In 2003 TNT audio came into the equation….well Thosten Loesch, a former staff writer of the magazine, to be precise. He had become aware that an Italian company was using a Stevens and Billington transformer, the 101, in one of their designs. He had an idea and contacted Jonathan to request the inclusion of multiple taps on the secondary winding of the 101, thus was created the 102 transformer. This transformer quickly obtained something of a cult following with DIY amplifier makers. They appreciated its lack of sonic character and the evenness of response across the frequency range.The traditional approach to building passive pre amps has been to use resistive networks. As Jonathan explains
"Resistive networks load the source badly. If you want to avoid this then you can increase the resistive value of the network but this just distorts and rolls of the bandwidth. However, transformers, because they are impedance matched by nature don't' load the source at lower volumes, don't introduce distortion and are capable of driving longer cable runs."
For those interested you can read more about the benefits of transformer attenuated pre amps over resistive network pre amps at www.mfaudio.co.uk/datasheet1.htm
Above:The instrument used to wind the 102 transformers
Above: Close up of transformer winding
With so many transformers now being sold to DIY builders, Jonathan started to think about how he could capitalise on this success by designing a pre amplifier that maximised the qualities of the 102 transformer. He spoke with his old friend Harry O'Sullivan who came in to help create a finished product. They needed a new name for their design as they didn't want to confuse their existing Stevens and Billington customer base. They also wanted a name that would encapsulate their design philosophy that nothing should get in the way of the music. As Jonathan says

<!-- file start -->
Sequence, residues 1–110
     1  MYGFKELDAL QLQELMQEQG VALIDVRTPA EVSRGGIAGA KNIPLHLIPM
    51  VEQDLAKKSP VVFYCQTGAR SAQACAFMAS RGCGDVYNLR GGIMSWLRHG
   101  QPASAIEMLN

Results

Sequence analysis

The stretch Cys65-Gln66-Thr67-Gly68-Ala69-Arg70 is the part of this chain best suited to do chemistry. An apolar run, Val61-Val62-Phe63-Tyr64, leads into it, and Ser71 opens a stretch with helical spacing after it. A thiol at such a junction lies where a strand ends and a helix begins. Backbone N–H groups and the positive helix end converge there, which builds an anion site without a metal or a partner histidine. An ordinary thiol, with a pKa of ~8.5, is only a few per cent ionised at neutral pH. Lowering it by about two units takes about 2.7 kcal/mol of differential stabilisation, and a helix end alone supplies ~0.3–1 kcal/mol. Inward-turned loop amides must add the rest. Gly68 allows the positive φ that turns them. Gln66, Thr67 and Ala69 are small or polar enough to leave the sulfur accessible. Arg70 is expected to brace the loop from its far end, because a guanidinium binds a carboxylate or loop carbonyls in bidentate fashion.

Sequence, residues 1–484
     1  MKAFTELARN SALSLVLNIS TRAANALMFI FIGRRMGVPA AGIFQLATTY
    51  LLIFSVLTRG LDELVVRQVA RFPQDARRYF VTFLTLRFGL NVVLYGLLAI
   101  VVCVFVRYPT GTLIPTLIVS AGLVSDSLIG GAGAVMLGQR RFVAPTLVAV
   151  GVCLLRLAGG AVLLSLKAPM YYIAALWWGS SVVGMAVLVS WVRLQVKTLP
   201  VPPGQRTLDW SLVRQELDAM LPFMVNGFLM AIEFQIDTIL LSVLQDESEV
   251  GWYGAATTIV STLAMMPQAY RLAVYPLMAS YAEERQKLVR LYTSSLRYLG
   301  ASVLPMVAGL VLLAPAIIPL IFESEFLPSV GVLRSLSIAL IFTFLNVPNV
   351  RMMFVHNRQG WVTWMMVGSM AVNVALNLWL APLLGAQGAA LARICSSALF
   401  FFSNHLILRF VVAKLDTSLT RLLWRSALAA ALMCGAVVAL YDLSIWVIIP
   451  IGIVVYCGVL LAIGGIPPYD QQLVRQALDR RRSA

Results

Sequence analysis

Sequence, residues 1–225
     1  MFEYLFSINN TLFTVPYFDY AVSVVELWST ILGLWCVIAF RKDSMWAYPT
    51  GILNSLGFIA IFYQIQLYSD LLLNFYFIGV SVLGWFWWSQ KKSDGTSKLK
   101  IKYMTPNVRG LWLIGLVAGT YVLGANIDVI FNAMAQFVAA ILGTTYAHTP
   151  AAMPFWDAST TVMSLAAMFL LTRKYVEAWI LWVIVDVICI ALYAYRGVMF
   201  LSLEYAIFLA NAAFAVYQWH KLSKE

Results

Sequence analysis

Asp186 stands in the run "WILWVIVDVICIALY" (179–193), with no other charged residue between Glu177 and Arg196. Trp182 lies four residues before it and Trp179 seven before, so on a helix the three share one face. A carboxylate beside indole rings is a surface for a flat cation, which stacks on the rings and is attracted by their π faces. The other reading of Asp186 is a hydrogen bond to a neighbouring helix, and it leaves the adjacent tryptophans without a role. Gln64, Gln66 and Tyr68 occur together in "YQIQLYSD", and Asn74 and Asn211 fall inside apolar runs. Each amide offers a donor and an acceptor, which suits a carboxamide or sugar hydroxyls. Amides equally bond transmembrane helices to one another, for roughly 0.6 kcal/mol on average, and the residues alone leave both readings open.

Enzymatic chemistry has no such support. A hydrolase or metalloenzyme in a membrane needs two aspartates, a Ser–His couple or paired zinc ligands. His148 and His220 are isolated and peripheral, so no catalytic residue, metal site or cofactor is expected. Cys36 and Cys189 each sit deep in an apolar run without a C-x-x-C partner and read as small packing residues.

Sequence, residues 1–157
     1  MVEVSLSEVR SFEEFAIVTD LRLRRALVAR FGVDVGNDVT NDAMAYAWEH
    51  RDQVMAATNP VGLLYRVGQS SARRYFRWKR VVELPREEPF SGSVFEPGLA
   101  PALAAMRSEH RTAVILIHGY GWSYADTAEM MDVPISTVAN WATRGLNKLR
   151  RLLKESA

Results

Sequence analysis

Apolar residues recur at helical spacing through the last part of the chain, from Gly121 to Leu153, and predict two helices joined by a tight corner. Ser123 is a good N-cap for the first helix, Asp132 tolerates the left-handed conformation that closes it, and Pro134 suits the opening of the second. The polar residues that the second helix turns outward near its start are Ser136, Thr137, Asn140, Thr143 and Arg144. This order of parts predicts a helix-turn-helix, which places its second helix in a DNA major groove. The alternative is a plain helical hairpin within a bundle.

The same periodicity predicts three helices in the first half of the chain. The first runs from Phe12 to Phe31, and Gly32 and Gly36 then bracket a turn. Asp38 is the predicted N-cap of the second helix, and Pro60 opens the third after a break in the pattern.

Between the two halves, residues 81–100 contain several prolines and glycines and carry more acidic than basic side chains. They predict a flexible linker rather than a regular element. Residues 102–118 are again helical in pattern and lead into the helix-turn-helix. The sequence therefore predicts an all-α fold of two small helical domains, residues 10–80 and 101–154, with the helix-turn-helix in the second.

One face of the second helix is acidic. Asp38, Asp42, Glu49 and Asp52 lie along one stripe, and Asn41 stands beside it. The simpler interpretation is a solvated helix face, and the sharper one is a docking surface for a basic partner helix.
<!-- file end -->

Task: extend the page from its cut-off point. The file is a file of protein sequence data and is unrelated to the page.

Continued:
"When I go to a concert and the conductor takes up his baton and proceedings begin I get a tingle down my spine and the hairs on the back of my neck stand up from excitement. When I play music at home I want to re-create those same feelings. My equipment should let me appreciate this same tingle of excitement, perhaps not all of the time but at least some of the time".
This philosophy is at the heart of their amplifier design. It's a design which, because of its inherent neutrality and transparency, always puts the music first! So they called it the "Music First Passive Magnetic Pre Amplifier". All parts for the amplifier had to be of high quality and they chose individual components only after extensively listening to many alternatives. All switches are from the Swiss manufacturer ELMA. They were also very careful in choosing the Aluminium case work so as not to introduce eddy currents in the metalwork that could impact upon sound quality. The transformers are damped and held in place rigidly in order to prevent microphony. Even the feet were chosen on sound quality benefits.
Above: All construction is by hand including soldering of ELMA switches
Since 2003, they have made and sold 300 units. During this time they have been asked by customers for specific modifications to units such as including multiple tape outs. Harry is currently concentrating on developments that will give the amplifier additional flexibilty for use in more home audio situations. One such example is the development of a bi-amping option. He is currently able to give advice to owners of existing amps on how to do this but tells me that they have a unit in development that caters to this need. It contains multiple pairs of transformers (the current amp has only one pair). Additional transformers could also be added for multiple tape circuits. However, there are no plans to produce a power amplifier. As Harry says
"Making power amps is different. We want to concentrate on transformers. We are good at it and we do not want to dilute our quality by getting into areas in which we have limited expertise"
Above: Silver wire transformers
In all I enjoyed my time with Jonathan and Harry and was taken by their focus and attention to detail that goes into each and every amplifier the company makes. They are genuinely surprised at the success of their product but are also justifiably proud of their achievements. In the best tradition of British cottage industries both Jonathan and Harry believe that its quality and not quantity that counts. They want their units to give reliable service to satisfied customers for many decades to come.
I'll leave the final words to Harry O'Sullivan "HiFi is a tool. It's a means to an end and that is enjoyment of music. Music First"
Harry's Guitar takes pride of place. Music First!
© Copyright 2007 Paul Eros - www.tnt-audio.com